Types, Causes, and Treatment Of Blindness In Dogs
Canine owners need to know why dogs go blind to understand how to respond well to the disability. Visual impairment is different for various pooches. They are born that way or became like that. Some have partial blindness, while others can’t see for good. Our four-legged pals may also experience intermittent sightlessness. It means that vision loss may come and go. Thus, before addressing the visual impairment, it matters to know the extent of the issue.
Many of our beloved pets become sightless due to aging. But other things bring about blindness in pups and adult canines. Below are some of the known reasons why dogs go blind.
Damage to the optic nerve of canines can cause blindness in dogs too. Like humans, our furry friends can also experience vision loss due to this disease. Many things cause this to surface. Some of what brings about this condition include lens damage or dislocation. Eye inflammation, infection, tumor, and bleeding may also make it happen. But it does more than cause visual problems. This disease may let pooches to experience discomfort and pain. Bloodshot eyes, ocular discharges, and pupillary discoloration may show because of it. Pupil dilation is also another symptom of it. Even if it is chronic, at least treatments for it are available. So it doesn’t have a cure, but there are ways to manage it.
It may be one of the reasons why dogs go blind, but at least it’s a progressive condition. It means that it develops, and people can slow its progression. Through eye drop medications, our pets can experience relief from ocular pressure. These drugs may help improve eye fluid production and drainage. In some cases, veterinary ophthalmologists may recommend eye removal as an appropriate treatment. Thus pet owners usually have varied options to address this condition. Also, since it’s a lifelong issue, it may involve prolonged use of medications. What’s clear is that there should be other supportive measures.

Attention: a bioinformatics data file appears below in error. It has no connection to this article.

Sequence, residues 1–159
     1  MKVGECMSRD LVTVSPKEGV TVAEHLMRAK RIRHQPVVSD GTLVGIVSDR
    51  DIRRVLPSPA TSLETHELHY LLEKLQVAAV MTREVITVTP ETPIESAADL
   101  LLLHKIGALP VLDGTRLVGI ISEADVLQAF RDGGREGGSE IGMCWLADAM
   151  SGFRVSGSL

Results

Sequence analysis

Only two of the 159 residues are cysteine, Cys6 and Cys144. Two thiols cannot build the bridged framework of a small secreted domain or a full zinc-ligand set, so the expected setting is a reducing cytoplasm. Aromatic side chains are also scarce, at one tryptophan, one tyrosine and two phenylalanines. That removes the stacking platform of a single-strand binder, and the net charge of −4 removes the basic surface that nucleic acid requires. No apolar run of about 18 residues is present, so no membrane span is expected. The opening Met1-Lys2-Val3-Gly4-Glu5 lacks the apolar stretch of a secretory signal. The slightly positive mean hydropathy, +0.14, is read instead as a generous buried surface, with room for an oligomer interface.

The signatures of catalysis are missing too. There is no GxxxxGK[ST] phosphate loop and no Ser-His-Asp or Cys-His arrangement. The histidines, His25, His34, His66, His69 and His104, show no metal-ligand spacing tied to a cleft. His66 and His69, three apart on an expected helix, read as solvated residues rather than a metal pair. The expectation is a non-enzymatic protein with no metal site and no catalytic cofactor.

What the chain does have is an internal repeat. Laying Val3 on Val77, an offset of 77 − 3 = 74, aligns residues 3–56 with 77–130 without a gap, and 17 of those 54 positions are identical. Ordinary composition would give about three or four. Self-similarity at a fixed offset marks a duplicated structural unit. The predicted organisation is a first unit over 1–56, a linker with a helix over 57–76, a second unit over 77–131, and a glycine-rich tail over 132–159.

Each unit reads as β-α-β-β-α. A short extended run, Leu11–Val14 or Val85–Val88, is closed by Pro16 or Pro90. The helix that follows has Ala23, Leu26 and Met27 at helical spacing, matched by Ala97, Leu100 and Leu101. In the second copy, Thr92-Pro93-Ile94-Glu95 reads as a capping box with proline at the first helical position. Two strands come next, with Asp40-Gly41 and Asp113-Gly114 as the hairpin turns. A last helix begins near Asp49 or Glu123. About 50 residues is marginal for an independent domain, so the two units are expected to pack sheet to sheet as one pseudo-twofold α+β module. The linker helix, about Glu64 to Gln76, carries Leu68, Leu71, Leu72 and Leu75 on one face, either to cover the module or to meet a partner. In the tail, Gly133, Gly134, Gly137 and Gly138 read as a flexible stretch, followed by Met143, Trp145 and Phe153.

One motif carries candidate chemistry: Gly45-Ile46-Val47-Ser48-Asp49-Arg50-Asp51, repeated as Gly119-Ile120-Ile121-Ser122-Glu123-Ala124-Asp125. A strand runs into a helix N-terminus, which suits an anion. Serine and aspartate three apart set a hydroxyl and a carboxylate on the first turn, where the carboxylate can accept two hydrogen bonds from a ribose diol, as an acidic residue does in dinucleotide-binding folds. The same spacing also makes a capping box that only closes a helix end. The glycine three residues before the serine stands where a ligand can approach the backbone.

It results in blindness in dogs by way of diabetic retinopathy and glaucoma. Too much sugar in the system causes damage to the retina. The disease forms extra and abnormal blood vessels to come out. It affects the fluid in the eye due to poor drainage or blockage. The condition also damages the optic nerves, leading to high ocular pressure. Because of these things, partial or complete vision loss may occur. Veterinarians diagnose diabetes in canines, but some symptoms show its existence. Unlike other pets, diabetic dogs keep drinking water and urinating. They may also have weight reduction despite their appetite. Some suffer from long-term and recurring infections too. The consistent results of testing diabetic canines also reveal high sugar levels. Hence, dogs with diabetes and eye conditions need constant monitoring.
After a vet diagnoses a dog to have diabetes, it must have lifestyle changes. It’s not only that the condition is why dogs go blind. Canines can have severe complications without treatment and support. A dog usually has dietary restrictions and prescribed exercise routines once diagnosed. Insulin therapy may be necessary too. It is to counteract the sugar surplus present. Canine diabetes may mean that the body can’t produce enough insulin or any of it at all. These are also appropriate measures for responding to diabetic cataracts. But at least surgical remedies for eye opacity in canines are available. Cataract removal or lens replacement can restore failing vision. Thus not acting right away when a dog has diabetes is why dogs go blind too.
Sudden Acquired Retinal Degeneration
It’s the condition that results in immediate blindness in dogs. Canines become sightless in a matter of days or weeks with this health problem. Affected dogs may experience partial or complete and irreversible blindness because of it. Also, the exact cause of it is unknown. Yet some theories point out what gives rise to it. Some say it results from an autoimmune or metabolic response. But it doesn’t cause pain in affected canines. It only causes vision loss despite displaying dilated pupils and red eyes. So it’s unfortunate for our canine companions to have it. But at least supportive measures are available to live with it.
There is no treatment for this lasting condition, but there are measures to make life easier for a blind dog. For instance, keeping its environment the same helps it adapt. It already has the muscle memory to traverse areas it finds familiar. This strategy reduces the chances of a furry friend bumping against surfaces. Instead of using gestures, try switching to verbal and tactile commands. It can help a sightless pooch adjust better since it can respond to what it hears and when it feels you touching it. Putting on a halo to protect it from the environment is also helpful. With a protective barrier, it won’t hit furniture pieces and the wall. Thus there’s always hope, even when there’s no telling when and why dogs go blind sometimes.